The Grand Finale

The Catholic Review

This wasn’t the column I had planned – I changed my mind on Sunday, and I hope it doesn’t get me run out of town.

I resisted several invitations to see the Yankees play the Orioles this past Sunday in the final game at the “House that Ruth Built” – obligations here, bedlam there, busy day here on Monday after a late night game in New York. I think I made a prudent decision.

Not so prudent was my chanced clicking on of ESPN during a Sunday afternoon break. An hour-long history of the 85-year-old stadium had to bring tears to the eyes of any baseball fan, much less this milk-fed Yankee-Bronx native. Memories cascaded from the images of spectacular catches, sports immortals living and dead, ninth-inning World Series come-backs, “the greatest game ever played,” and a stadium throughout the years peopled with families who once upon a time could afford a major league baseball game.

The ESPN special on Yankee Stadium showed video images of the stadium farewells to a dying Babe Ruth and Lou Gehrig and the post-9/11 first-ball pitch by President Bush in the midst of a 58,000 crowd which included countless firefighters and police, who days before breathed the death-filled smoke of the World Trade Towers.

Monument Park in center field will be transferred to the new stadium and will include memorials to the visits of Pope Paul VI, Pope John Paul II and Pope Benedict XVI. In 1965 I sat with several dozen cadets from West Point in an upper left field stand, awe-struck that a Pope would actually be celebrating Mass for the first time in the United States—and in Yankee Stadium, no less! As coordinator of Pope John Paul II’s visit to New York in 1979, I had the run of the stadium. And just months ago, the privilege of vesting in the Yankee locker room prior to the majestic Mass celebrated by Pope Benedict XVI. Somehow, New Yorkers have always thought it completely appropriate that popes, if not praying at St. Patrick’s Cathedral, should do so in the Cathedral of the Bronx.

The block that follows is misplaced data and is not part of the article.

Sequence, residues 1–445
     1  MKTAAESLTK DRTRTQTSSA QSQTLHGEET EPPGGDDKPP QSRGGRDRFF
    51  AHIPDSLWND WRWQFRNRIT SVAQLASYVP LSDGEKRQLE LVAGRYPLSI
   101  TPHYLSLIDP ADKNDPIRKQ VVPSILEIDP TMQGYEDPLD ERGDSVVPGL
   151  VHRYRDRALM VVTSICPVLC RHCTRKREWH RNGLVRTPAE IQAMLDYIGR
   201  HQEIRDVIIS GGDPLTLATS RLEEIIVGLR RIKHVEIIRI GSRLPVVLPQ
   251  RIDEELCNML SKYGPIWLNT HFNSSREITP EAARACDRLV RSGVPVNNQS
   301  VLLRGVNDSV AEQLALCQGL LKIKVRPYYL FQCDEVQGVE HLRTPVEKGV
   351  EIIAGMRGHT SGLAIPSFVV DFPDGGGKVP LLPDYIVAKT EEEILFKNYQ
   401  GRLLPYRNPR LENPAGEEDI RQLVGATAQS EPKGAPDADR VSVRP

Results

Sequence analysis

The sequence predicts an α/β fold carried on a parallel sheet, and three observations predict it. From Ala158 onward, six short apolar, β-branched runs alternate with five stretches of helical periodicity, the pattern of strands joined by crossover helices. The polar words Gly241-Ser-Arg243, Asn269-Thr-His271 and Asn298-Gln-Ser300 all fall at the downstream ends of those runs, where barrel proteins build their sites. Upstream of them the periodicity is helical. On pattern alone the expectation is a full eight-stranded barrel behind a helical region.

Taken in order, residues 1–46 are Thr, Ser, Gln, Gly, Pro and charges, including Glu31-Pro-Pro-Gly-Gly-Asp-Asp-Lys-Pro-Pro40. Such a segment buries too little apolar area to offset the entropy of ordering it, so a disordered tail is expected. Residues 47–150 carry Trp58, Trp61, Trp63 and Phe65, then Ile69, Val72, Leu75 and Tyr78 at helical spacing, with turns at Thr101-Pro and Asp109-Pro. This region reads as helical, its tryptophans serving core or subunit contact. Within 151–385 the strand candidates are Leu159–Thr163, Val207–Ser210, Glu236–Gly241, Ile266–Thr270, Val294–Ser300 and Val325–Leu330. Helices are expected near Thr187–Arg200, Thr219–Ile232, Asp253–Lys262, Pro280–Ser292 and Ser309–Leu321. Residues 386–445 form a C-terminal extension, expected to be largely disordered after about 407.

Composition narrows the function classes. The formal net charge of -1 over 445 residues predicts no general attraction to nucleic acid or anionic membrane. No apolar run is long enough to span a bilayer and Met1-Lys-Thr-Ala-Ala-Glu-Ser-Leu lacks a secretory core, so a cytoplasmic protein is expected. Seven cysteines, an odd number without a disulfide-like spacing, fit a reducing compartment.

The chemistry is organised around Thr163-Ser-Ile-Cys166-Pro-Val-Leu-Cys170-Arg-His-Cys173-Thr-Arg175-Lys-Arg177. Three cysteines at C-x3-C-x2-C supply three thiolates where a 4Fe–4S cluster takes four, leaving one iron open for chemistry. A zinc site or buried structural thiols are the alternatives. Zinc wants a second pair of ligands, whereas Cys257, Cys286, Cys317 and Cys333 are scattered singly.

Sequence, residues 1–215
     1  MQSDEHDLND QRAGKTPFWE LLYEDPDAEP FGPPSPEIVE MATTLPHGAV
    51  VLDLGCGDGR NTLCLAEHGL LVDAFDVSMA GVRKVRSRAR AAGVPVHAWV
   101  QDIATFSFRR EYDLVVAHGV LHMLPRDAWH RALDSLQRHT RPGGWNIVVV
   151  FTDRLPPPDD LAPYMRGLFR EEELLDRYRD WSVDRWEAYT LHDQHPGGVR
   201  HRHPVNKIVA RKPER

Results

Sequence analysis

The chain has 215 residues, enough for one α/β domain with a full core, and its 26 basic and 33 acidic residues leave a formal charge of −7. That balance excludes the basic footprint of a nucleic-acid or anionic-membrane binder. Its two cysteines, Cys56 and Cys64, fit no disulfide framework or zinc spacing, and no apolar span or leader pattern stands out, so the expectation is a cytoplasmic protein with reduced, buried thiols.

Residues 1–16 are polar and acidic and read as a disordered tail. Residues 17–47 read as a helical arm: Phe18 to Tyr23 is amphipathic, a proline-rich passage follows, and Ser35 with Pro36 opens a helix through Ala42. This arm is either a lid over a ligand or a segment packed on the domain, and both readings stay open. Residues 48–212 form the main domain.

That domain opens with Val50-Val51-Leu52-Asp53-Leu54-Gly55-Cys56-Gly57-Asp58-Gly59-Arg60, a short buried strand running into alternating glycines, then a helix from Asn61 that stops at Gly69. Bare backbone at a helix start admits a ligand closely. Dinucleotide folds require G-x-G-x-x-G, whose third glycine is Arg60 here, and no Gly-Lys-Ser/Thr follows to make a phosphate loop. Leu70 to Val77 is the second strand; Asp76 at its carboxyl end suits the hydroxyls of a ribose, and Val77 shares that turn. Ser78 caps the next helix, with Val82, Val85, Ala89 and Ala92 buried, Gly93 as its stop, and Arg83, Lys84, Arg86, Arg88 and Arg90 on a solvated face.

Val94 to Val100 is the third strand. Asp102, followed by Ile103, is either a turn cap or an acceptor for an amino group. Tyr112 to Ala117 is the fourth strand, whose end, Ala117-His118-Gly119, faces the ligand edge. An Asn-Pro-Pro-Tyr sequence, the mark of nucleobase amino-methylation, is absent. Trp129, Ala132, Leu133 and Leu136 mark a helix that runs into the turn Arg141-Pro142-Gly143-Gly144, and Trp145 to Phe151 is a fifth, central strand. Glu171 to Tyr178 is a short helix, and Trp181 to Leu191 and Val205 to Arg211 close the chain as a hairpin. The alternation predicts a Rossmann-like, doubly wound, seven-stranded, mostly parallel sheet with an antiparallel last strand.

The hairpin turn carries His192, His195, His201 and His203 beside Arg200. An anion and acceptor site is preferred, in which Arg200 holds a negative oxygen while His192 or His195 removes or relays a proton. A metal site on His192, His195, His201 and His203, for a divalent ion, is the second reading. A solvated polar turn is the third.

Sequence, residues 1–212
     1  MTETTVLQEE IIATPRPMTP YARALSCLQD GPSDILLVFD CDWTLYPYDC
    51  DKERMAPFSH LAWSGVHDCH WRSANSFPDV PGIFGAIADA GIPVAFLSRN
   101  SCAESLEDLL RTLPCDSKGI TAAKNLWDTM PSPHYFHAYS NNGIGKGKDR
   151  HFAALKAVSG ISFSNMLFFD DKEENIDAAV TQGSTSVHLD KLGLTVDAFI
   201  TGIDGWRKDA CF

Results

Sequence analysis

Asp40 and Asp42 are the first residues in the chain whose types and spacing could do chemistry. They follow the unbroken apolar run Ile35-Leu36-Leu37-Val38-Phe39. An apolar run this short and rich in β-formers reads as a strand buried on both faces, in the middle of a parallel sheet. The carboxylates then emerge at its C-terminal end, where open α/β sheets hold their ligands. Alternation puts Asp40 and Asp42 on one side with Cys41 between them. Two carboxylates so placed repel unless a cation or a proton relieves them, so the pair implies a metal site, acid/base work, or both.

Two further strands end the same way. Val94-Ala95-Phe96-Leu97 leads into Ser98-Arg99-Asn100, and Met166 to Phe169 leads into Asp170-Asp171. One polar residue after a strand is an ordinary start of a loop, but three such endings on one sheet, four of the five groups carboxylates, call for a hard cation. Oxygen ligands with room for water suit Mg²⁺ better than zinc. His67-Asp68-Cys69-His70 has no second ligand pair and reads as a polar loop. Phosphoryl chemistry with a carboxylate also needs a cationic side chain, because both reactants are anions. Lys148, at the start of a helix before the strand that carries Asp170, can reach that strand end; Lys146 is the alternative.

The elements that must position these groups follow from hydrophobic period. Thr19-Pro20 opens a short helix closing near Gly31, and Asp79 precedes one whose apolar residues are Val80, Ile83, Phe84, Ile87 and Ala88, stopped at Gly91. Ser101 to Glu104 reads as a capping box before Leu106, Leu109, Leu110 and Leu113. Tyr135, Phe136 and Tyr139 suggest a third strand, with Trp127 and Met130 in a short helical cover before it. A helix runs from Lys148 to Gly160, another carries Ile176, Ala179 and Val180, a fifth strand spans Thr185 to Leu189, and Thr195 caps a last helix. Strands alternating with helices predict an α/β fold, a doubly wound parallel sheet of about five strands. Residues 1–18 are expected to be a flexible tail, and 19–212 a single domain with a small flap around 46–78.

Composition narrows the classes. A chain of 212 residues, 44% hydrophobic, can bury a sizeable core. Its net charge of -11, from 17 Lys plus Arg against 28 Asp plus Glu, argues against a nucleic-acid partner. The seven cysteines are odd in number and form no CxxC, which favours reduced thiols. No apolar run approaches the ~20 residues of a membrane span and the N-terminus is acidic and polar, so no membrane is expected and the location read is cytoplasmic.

Family and friends, too many now with God, passed in my mind’s review during that emotional hour, and throughout the final game, late into the night.

An “emotional binge” some might call it. It was, on the other hand a grand bow to tradition, a recognition of the need for symbol in our life, and, in many cases, the importance of role models in all areas of public life, including sports. Pope Benedict XVI wisely observed that sports play an important role in teaching young people important lessons in life, including honesty, solidarity, and fraternity. “If practiced in respect for the rules, [sports] becomes an educational instrument and a vehicle for important human and spiritual values,” the pope said, adding that sports have the ability to “contribute to building a society characterized by mutual respect, loyalty of behavior, and solidarity between peoples and cultures.”

I have attended many games at Yankee Stadium in my lifetime and watched countless athletes both on New York teams as well as opposing ones, inspire in others precisely these qualities—mutual respect, loyalty, solidarity. Now, as athletes change from team to team with shocking regularity and the neighborhood stadiums of a simpler time are shuttered to make way for newer, shinier ones with more corporate luxury suites and personal seat licenses, I truly hope that the inscription on the old Memorial Stadium wall is as true for this nostalgic fan of baseball as it is for Baltimoreans who find themselves looking backward now and again with a tear and a smile: “Time will not dim the glory of their deeds.”

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